Woodworking Techniques and Advice
The term CNC first started out as just “NC” for numeric control. The concept was developed in the 1950s using punched paper tape to convey instructions to motors that controlled the movement of a metal milling machine. When computers became more readily available, they were wired directly to the motors and CNC was born.
Most of us learned to make a cabinet with a tape measure and a table saw. We measure, cut and repeat, over and over, until the job’s done.
After building two CNC machines, I’ve developed some ideas about how a woodshop owner should approach entering the digital fabrication age while preserving their wallet and sanity.
Router bits, shaper cutters, molder/planer knives and saw blades are constantly being asked to cut, mill or shape new products in new ways. From plastics and resins to manufactured sheet cores, the tooling that we use is continually facing new challenges as material technology advances. Most of the tools we use in woodshops are carbide-tipped, carbide inserts or milled from solid carbide. Knowing something about the way that carbide is produced and graded might help a shop owner make more informed choices when buying bits and blades.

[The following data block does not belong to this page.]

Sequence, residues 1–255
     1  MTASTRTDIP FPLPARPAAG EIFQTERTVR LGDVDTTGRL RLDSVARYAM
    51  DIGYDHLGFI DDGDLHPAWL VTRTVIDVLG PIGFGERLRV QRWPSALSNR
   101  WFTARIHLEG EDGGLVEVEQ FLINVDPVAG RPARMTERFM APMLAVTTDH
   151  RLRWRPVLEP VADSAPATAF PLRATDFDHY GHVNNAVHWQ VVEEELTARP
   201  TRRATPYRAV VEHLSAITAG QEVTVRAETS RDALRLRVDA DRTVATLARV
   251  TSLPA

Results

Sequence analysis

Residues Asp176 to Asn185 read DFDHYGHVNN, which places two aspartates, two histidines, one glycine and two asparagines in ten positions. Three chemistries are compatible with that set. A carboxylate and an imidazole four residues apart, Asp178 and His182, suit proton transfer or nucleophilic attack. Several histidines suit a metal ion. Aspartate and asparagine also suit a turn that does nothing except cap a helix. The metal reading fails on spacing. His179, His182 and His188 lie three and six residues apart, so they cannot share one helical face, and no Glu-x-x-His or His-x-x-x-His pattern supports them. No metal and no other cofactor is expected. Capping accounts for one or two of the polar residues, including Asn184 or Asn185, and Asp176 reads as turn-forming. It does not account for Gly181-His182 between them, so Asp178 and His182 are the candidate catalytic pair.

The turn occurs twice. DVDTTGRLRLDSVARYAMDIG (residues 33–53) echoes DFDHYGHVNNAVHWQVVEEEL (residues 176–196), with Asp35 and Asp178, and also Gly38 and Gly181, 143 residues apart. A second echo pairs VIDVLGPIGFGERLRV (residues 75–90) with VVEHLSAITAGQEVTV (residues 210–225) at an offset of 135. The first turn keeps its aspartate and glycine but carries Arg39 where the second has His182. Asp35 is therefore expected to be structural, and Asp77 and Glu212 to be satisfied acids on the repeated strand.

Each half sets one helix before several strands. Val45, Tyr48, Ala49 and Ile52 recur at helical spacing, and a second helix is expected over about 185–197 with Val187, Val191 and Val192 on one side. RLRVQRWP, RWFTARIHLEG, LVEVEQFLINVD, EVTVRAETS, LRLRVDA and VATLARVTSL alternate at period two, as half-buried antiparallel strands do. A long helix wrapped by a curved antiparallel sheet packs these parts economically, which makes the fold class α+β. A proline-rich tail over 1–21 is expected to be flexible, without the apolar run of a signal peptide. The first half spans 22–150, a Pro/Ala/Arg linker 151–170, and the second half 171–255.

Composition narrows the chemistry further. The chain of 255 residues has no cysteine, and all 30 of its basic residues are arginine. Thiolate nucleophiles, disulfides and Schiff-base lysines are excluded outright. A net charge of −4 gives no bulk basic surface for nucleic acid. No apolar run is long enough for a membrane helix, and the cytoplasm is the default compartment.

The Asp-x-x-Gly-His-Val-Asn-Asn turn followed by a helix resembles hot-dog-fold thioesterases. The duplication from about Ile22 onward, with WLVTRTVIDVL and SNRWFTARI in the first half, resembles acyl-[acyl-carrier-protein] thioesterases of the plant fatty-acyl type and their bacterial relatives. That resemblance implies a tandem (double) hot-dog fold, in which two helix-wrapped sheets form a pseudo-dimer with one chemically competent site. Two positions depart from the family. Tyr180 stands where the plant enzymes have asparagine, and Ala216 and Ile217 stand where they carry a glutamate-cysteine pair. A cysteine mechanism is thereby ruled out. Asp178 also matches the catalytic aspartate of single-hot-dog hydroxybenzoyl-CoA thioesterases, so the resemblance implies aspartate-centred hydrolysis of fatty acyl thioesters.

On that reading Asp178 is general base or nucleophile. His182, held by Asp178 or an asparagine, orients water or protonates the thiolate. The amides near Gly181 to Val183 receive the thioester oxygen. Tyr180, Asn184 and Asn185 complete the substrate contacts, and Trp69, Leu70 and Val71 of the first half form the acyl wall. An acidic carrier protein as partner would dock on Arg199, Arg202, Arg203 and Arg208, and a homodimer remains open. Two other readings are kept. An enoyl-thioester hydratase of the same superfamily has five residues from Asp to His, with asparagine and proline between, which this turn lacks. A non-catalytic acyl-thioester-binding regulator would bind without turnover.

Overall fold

The following is a starting point for shop owners thinking of making the leap into CNC machinery. It might also be useful for shops that are already up and running as they can use it to introduce new employees to the process.
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